|My materials that were prepared a few days earlier.|
Yesterday, I had my second observed teaching class and I decided for the lesson that I was going to use newspapers. I had developed some great rapport with the students. I have never used newspapers in class and I feel that I should develop my teaching skills to incorporate some authentic material for the classroom. Having never used newspapers in class before, it was a personal aim to include the use of newspapers as a basis for a lesson. I read various books to get some great ideas including “Newspapers” (Grundy, 1993), “Using Newspapers in the Classroom” (Sanderson, 1999), “Teaching Unplugged” (Meddings & Thornbury, 2009) as well as “Practical English Usage” (Swan, 2005). All these books had some great ideas for implementing newspapers in the classroom with the later focusing on the more conventional vocabulary and grammar. I do have to personally thank Sue Annan for emailing me and providing me with some great resources which I will definately put to good use once I have completed my Advanced Practical Teaching course. Nonethless, the linguistic aim for the lesson was to ensure that by the end of the lesson learners will be able to read and summarise various newspaper articles. The sub aims focused on more of the practical skills such as reading for gist, skimming, etc as well as the forms and conventions of newspaper articles. The main task (which I will go into more detail below) focused on a using visual clues to activate schema and encourage prediction. So, what did students do for the lesson?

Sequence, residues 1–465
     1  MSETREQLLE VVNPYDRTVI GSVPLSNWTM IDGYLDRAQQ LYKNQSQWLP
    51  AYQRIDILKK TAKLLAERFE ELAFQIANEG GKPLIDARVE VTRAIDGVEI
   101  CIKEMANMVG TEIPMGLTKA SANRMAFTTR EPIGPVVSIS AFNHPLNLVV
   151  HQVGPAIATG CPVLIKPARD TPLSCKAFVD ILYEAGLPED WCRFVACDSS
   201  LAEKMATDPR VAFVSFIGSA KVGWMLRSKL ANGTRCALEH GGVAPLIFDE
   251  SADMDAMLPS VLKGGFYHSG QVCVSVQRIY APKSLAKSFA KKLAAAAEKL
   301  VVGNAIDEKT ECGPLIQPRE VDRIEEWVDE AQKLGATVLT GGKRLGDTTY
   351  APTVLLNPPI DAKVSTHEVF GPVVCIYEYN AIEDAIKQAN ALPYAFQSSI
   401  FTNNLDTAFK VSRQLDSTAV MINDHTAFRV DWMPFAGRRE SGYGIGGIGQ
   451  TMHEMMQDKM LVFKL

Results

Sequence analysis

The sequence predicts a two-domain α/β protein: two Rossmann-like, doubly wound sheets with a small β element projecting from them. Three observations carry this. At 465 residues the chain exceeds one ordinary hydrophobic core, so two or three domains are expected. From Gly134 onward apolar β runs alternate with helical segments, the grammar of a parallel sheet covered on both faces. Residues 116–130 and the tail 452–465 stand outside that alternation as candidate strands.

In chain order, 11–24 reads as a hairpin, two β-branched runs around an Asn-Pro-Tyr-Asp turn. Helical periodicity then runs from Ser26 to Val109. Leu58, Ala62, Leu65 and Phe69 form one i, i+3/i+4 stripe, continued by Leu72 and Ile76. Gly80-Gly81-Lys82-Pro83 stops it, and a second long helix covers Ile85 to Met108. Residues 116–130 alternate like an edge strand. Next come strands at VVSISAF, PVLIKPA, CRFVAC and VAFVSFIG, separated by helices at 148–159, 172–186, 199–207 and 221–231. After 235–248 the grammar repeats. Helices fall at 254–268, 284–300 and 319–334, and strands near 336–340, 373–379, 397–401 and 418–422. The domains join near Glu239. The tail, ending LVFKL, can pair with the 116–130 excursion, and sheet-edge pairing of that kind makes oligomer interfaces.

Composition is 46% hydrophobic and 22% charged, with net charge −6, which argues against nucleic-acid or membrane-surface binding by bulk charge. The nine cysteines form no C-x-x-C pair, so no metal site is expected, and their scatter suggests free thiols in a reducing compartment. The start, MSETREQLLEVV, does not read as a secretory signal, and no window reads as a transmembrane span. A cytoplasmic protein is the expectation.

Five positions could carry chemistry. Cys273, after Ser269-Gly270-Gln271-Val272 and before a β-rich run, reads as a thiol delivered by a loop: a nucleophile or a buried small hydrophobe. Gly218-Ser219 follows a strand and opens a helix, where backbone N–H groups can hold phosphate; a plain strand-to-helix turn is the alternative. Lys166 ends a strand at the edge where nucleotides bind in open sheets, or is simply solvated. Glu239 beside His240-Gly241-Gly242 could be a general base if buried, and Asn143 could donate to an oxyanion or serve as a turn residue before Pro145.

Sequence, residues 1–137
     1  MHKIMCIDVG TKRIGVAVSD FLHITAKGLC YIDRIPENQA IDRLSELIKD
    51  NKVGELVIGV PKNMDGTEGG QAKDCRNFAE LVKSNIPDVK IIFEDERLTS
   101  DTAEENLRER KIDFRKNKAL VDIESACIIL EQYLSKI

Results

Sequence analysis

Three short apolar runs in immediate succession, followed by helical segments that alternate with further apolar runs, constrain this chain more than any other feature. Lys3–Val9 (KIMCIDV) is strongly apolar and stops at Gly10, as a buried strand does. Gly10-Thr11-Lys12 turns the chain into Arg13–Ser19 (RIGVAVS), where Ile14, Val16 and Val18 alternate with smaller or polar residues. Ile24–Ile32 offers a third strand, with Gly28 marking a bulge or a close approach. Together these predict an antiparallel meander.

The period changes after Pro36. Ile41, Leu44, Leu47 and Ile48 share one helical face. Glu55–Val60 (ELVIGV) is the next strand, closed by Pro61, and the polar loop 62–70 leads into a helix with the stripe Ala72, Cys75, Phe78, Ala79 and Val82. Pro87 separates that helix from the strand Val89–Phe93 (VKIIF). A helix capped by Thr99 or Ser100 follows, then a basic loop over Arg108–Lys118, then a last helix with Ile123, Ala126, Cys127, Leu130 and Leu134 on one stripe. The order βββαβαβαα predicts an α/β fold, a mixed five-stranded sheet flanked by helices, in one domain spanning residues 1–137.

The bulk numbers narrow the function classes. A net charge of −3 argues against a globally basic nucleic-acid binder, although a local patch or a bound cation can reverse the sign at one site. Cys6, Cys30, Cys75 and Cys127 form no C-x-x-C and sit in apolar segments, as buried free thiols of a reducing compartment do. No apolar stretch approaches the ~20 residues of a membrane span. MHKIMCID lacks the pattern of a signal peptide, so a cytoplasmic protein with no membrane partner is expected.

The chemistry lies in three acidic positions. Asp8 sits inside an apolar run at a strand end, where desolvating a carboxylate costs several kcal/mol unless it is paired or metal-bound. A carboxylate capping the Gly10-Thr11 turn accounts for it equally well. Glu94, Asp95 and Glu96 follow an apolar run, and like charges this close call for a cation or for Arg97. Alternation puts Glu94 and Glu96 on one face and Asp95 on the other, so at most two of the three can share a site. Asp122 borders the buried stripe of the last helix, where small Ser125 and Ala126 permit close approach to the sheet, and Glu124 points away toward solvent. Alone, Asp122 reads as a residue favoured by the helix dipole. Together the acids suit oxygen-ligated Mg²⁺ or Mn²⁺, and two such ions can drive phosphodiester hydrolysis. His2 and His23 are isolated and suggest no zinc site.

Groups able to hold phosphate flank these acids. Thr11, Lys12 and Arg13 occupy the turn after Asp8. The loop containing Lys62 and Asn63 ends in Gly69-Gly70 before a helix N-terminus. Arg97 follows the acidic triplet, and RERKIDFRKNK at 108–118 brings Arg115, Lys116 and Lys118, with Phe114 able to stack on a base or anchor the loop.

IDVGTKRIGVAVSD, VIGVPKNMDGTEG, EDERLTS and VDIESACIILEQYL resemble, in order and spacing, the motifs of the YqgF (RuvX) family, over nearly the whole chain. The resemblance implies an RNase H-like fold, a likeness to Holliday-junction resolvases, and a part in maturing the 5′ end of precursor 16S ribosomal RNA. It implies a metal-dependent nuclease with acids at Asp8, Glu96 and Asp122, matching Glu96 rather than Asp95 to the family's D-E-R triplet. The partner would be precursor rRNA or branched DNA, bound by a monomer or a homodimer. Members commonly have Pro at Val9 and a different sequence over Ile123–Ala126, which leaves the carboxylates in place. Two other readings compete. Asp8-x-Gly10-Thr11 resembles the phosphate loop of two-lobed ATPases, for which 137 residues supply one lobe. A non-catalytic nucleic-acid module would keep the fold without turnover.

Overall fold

I started the lesson by asking students what they have heard on the news recently. I felt this would be a simple and effective starter for the lesson. This discussion (which included Egypt) naturally moved towards newspapers and at this point I asked students what British Newspapers they have read. Students brainstormed for a few minutes and I transcribed their ideas/answers on to the whiteboard. I then referred to a list of British Newspapers that I had found and showed some titles on PowerPoint.
The next part of the lesson was to introduce some Headlines and encourage learners to create sentences from the headlines. I demonstrated this with the “Furniture Factory Pay Cut Row” and the sentence was provided included “A ROW (disagreement) about a CUT (reduction) in PAY at a FACTORY that makes FURNITURE.” I gave the students 3 headlines to work through and assisted with any vocabulary queries they had which included “Red Tape”, “Slug” and “PM”. I inserted one ambiguous headline (Red Tape Holds Up New Bridge) to see if they could spot the ambiguity but it was not possible. It wasn’t the aim of the lesson so I let this possibility fade away as the lesson progressed.
This provided some progress on to the next part of the lesson, which introduced the idea of how small changes to the verb within a headline could change the meaning. The example that I selected from Swan’s book was the classic “Boy Found Safe” vs “Boy Finds Safe”. I provided learners a short time to figure out the differences in meaning. Learners were able to determine that the lexical item “safe” has two meanings; one as a noun and the other as an adjective. From this they were able to provide some example of the difference.